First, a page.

THE sister of a solicitor who died of a blood clot less than three weeks after taking the AstraZeneca vaccine has said that people should still take the jab to “keep saving lives”.
Nick Astles, 59, died in hospital on Easter Sunday after suffering a blood clot on the brain.
The married solicitor from Warrington, Cheshire, was the first named person believed to have died from the side-effect linked to the vaccine, had received his first dose on 17 March and suffered headaches and loss of vision for 10 days before his death.
Mr Astles’ sister Dr Alison Astles said although his family was “furious”, it encouraged people to keep getting the Oxford vaccine because it meant that “fewer people will die”.
She said her brother had been “extraordinarily unlucky”.
It comes after the UK’s medicines regulator said under-30s should be offered an alternative to the AstraZeneca vaccine after a very low risk of blood clots was discovered.
The government’s Joint Committee on Vaccination and Immunisation has said that healthy adults aged between 18 and 29, who have no underlying health conditions or risks from coronavirus, should be offered the Pfizer or Moderna vaccine when vaccines are rolled out to their age group.
The UK’s Medicines and Healthcare products Regulatory Agency (MHRA) said there had been 79 cases of a blood clot condition known as thrombocytopenia. Among these cases – all of which occurred after the first dose of the vaccine – 19 people have died. Three were under 30 The chance of dying from a blood clot after having the AZ jab in the UK was put at about one in one million as there has been 20m vaccinations.
It is argued that the balance of risk remains in favour of taking the Oxford vaccine for the majority of the population: 20 million doses have been administered across the UK, with an estimated 6,000 lives saved, based on the average death rate from Covid. This would make the risk of a rare clot around one in 250,000.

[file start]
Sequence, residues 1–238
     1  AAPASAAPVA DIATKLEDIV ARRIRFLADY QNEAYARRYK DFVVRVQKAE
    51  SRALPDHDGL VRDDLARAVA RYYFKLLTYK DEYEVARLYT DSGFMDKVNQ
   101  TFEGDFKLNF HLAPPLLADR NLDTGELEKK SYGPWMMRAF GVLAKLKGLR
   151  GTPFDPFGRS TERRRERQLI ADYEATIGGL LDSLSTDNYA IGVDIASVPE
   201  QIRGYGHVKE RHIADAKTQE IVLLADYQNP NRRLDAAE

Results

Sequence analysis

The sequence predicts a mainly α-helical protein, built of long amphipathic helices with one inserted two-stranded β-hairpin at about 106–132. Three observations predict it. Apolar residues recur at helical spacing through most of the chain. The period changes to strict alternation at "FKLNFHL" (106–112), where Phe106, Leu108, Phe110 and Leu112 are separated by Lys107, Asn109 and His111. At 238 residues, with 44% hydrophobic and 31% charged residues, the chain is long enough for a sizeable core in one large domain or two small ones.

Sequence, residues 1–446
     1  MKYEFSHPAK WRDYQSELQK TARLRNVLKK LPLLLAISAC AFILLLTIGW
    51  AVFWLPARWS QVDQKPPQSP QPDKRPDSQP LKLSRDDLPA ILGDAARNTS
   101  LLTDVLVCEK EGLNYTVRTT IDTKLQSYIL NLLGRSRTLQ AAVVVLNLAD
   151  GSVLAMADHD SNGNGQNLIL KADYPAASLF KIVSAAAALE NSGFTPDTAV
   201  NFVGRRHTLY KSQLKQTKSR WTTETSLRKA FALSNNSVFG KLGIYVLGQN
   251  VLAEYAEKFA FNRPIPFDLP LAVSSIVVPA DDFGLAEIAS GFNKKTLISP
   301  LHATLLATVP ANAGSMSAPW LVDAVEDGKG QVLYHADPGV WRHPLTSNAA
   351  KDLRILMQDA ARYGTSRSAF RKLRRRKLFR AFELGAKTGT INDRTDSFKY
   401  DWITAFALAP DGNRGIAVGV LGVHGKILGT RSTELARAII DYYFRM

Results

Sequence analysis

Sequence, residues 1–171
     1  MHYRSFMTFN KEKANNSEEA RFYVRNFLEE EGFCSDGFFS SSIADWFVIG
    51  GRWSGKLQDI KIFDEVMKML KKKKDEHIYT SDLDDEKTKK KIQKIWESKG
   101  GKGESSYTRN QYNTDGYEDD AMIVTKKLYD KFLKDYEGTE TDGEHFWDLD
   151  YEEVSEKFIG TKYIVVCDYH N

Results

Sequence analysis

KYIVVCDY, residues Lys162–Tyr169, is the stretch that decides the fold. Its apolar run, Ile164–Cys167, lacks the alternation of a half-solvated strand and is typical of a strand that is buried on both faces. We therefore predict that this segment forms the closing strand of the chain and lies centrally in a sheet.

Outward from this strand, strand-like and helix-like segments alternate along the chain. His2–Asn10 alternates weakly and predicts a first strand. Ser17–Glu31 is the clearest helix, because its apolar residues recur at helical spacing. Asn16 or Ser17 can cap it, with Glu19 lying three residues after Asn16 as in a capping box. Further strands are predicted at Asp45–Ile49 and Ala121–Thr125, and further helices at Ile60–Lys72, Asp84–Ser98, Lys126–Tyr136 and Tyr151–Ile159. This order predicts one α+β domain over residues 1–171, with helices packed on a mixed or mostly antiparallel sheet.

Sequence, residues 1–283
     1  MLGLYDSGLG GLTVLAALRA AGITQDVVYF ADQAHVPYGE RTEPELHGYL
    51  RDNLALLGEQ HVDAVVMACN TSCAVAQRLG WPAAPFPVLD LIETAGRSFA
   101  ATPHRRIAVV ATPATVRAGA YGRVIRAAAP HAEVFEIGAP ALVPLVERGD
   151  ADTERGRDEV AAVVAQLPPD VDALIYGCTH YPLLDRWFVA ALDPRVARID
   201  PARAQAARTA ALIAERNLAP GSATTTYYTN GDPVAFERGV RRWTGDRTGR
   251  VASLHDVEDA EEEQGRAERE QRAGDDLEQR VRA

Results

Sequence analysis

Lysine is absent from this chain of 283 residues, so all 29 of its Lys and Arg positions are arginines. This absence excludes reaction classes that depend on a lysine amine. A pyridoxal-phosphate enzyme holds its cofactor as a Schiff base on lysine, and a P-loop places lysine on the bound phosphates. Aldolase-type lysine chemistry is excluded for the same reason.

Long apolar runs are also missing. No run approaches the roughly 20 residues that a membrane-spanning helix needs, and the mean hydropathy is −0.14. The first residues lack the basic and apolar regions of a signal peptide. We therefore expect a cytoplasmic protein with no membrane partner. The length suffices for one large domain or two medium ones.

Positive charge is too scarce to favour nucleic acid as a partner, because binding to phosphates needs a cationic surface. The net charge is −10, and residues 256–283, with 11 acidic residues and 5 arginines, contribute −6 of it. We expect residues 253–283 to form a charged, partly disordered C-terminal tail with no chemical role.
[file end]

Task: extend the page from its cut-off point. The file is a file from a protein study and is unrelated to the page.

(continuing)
Dr Astles, the subject lead for pharmacy at the University of Huddersfield called on people to continue going for the AstraZeneca jab despite her brother’s death.
She told The Telegraph: “Despite what has happened to our family, we strongly believe that everyone should go for their first and second doses of the AstraZeneca vaccine.
“Emotionally we are completely and utterly furious. We are suffering. But there’s nothing in our minds to be really furious about. My brother was just extraordinarily unlucky.
“If we all have the vaccine, a few of us might have a blood clot, but the evidence is that fewer people will die.
“We trust the process, we trust the regulator, and despite what has happened to our family, we don’t want people to be scared off. That’s the message we want to get across.”
Dr Astles said her brother began feeling ill about a week after having his first dose of the AstraZeneca vaccine on March 17.
Mr Astles was fit and healthy with no history of blood clotting issues, but developed from headaches and loss of vision in his right eye.
Dr Astles added: “What appears to have happened is the vaccine has caused his immune system to turn against his body.
“And his body has reacted by forming a clot which then resulted in a subsequent bleed in his brain.”
She called on people who get the AZ jab and develop headaches to get it checked out and urged pharmacists to be vigilant.
Campaigners and politicians have compared the blood clot risk posed by the jab to that associated with taking the contraceptive pill.
Dr Peter Arlett, head of data analytics at the European Medicines Agency (EMA) said the side-effect is seen in around four in 10,000 women who take the pill over the course of a year.
The decision to offer alternative vaccines to under-30s was taken because young people have a far lower risk of hospitalisation and death from Covid-19.
June Raine, chief executive of the MHRA, said: “Based on the current evidence, the benefits of the Covid-19 vaccine AstraZeneca against Covid-19 and its associated risks, hospitalisation and death, continues to outweigh the risks for the vast majority of people. The balance of benefits and risks is very favourable for older people, but it is more finely balanced for the younger people.”
Meanwhile, at least four families of people who died after having the Covid vaccine are taking advice on potential legal action.
Peter Todd, a solicitor at Scott-Moncrieff, said four families had contacted him.